The purpose of this Administrative Bulletin is to describe the process for setting fees, pursuant to G.L. c. 7, § 3B. This law charges the Secretary of Administration and Finance ("A&F") with responsibility of establishing appropriate fees on behalf of all state agencies except the Judiciary. In addition to fees set pursuant to G.L. c. 7, § 3B, there are two other methods of setting fees. In some cases the Legislature may delegate fee-setting authority directly to an agency; in others the Legislature itself sets the fees in statute.
Constitutional principles govern the fee-setting process. In Emerson College vs. City of Boston (1984) 1 the Supreme Judicial Court established a three-prong test to distinguish fees from taxes. The Court stated that fees are:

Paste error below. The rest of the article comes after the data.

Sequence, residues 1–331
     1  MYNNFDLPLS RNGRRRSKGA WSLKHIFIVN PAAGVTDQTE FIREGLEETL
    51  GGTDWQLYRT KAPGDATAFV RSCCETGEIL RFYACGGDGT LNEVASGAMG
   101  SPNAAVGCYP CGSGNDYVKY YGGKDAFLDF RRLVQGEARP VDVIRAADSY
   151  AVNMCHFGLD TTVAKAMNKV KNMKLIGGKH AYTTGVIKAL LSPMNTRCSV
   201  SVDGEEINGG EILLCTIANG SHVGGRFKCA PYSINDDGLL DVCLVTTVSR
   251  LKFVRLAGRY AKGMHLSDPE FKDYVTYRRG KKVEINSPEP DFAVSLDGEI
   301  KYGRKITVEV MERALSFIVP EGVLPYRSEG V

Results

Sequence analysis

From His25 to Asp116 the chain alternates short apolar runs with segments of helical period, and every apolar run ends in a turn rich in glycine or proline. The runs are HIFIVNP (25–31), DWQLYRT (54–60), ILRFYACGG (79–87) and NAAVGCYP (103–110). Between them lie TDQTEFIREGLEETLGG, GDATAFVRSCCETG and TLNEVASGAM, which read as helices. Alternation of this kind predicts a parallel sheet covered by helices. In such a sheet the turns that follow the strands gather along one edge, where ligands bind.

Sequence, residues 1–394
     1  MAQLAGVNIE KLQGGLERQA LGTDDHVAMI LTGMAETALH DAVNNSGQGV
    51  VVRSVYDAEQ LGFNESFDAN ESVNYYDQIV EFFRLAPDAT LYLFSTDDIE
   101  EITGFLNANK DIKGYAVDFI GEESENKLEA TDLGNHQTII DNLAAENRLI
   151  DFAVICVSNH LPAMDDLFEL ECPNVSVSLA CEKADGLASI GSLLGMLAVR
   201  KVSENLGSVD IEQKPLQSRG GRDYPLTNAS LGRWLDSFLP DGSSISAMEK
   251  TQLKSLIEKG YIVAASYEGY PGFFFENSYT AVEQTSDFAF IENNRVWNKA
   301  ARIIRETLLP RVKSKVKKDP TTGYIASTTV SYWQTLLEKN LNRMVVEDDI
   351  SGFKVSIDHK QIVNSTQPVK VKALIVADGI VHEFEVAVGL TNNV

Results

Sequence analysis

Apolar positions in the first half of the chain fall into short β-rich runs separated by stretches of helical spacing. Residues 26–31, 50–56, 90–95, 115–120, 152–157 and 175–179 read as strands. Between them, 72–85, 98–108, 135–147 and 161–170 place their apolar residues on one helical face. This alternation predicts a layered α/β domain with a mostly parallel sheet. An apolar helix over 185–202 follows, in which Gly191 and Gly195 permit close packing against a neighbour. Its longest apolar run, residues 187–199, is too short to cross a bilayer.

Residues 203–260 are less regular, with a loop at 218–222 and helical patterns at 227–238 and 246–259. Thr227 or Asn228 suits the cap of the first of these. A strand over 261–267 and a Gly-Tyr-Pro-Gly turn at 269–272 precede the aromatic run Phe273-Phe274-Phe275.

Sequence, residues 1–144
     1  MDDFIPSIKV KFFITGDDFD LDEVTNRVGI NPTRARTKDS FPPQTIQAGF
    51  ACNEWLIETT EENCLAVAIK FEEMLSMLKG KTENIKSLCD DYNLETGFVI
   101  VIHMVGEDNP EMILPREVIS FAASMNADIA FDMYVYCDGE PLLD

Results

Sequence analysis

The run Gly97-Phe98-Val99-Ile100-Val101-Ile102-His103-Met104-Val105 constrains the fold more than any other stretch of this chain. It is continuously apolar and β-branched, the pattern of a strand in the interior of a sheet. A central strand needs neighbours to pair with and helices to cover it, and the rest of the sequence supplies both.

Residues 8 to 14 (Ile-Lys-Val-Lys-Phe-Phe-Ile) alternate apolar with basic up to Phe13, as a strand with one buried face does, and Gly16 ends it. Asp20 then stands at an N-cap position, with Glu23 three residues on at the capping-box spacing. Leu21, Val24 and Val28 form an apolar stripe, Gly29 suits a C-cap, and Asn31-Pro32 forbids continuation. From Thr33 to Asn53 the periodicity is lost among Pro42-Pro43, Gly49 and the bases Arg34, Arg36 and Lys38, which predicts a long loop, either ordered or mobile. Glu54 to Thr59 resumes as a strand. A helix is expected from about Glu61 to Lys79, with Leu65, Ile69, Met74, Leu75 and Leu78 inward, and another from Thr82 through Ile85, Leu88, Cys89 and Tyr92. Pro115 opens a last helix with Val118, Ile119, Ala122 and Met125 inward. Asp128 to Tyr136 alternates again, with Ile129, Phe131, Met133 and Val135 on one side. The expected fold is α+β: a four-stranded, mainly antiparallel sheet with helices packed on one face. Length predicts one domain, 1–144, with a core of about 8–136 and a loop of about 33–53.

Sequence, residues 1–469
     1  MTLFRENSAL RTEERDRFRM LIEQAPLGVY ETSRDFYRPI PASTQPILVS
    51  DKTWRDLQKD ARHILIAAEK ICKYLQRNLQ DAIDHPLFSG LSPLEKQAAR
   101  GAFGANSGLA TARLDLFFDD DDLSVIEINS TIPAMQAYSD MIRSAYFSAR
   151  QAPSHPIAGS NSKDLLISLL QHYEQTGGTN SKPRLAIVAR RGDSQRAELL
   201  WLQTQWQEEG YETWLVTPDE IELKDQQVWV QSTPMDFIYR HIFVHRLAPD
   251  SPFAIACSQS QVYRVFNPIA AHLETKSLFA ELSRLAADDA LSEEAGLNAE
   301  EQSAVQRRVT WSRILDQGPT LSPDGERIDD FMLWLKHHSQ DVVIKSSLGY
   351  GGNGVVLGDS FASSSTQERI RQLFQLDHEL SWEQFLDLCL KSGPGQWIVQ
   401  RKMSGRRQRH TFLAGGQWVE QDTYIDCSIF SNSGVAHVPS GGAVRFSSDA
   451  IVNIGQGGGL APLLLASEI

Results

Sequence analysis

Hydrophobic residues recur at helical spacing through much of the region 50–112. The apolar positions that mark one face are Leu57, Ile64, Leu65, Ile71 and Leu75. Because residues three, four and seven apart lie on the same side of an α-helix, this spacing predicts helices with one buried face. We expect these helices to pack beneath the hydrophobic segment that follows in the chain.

- Based on services being performed or delivered;
- Legitimate when the services received for the fee are provided only to the beneficiaries of the services, rather than the general public; and
- Paid by choice.
Only a legislative body has the authority to assess taxes, which have the following three characteristics:
- Enforced contribution to provide for the general support of government;
- Levied for a broad range of services, or the General Fund; and
- Not exclusive to meet expenses incurred in providing a service.
Fees may not be used purely as a tool to raise revenue, but should reflect the government's expense in providing the service associated with the fee. Expenses may be defined as the reasonable costs imposed on an agency for providing a service or regulating an activity, including administrative and enforcement costs.